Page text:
- What kind of store are we going to buy it from (regular grocery or convenience store)?
All of these questions are ones we have to ask ourselves and think through. All of these questions also have a want factor involved in the thought process. So, you can see, most other need vs. wants questions, follow the same pattern - they all involve choices that need to be made. Making the best use of your hard earned money, involves being aware of when "need" can be a tight rope walk of "want" that lands you flat on your face on the ground if you are not careful.
The most practical steps that virtually every American can make, is to exercise maturity and constantly make an effort to learn the habit of living on less, regardless of wealth or lack thereof. Moreover, a life lived depending less on materialism in defining our "success in life" and spending more time and effort on that which is real - the things you do, the people you love, making a difference in this world - all ingredients to make the diligence in minding your personal financial "want list" worthwhile.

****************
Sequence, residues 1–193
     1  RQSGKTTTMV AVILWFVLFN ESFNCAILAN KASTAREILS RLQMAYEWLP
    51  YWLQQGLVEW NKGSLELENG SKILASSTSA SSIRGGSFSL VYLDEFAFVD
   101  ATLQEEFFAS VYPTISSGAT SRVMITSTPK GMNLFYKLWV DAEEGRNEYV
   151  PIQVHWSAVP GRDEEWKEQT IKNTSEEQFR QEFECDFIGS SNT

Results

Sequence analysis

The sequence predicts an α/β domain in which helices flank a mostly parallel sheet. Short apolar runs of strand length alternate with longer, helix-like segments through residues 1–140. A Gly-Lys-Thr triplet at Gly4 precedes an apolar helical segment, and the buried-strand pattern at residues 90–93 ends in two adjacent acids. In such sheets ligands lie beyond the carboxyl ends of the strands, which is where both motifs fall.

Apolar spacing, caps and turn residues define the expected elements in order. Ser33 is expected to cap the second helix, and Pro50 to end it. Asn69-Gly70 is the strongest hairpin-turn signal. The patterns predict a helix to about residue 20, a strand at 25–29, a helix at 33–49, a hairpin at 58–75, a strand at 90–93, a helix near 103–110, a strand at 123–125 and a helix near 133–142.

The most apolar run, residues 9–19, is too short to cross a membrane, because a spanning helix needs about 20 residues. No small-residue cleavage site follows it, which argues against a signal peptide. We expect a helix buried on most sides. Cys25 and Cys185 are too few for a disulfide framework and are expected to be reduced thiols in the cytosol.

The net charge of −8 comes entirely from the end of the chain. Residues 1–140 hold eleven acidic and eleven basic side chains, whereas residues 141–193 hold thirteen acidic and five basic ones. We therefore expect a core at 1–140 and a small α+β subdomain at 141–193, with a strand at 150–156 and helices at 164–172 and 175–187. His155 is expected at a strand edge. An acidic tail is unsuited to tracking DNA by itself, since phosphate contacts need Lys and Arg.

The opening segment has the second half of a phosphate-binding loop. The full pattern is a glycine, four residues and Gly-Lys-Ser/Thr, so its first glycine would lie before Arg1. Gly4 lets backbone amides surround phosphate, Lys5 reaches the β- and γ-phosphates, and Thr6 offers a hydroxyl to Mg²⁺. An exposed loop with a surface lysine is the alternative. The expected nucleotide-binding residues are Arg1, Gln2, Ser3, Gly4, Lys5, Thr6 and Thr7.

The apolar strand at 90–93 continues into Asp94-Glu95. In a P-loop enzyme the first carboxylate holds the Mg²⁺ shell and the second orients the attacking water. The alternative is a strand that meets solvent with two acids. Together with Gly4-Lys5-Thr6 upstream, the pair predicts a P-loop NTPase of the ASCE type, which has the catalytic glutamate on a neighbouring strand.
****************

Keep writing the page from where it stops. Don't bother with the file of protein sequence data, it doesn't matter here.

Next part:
At what age should you begin to teach your children the difference between needs vs. wants?See results without voting
One Part of the Equation of Financial Literacy is Understanding the Power of Advertising
Often people think they need things due to the power of advertising. It's the job of good advertisers try to appeal to consumers in such a way, that the consumers feel they need certain goods or services, when in fact they only want something.
We need to teach our children and educate ourselves about advertising and the tricks of advertising. It's easy to get sucked into believing you need something, that you later discover wasn't the what you really needed.
Teaching Children About Money
The Simplest Questions May Be the Hardest Ones
Do you ever ask yourself when making a purchase?
- Do I need this?
- What would happen if I did not buy this today?
- Would I be any less if I did not purchase this item?
- Will I want this a week from now, a month from now, or forever?
- Will buying this, mean I won't have money for other necessities at the end of the month?
- Is this purchase important enough to sacrifice something else for?
- Is this a "need" or a "want?"
- Will I need to make payments on this item? And, more importantly, can I afford the interest?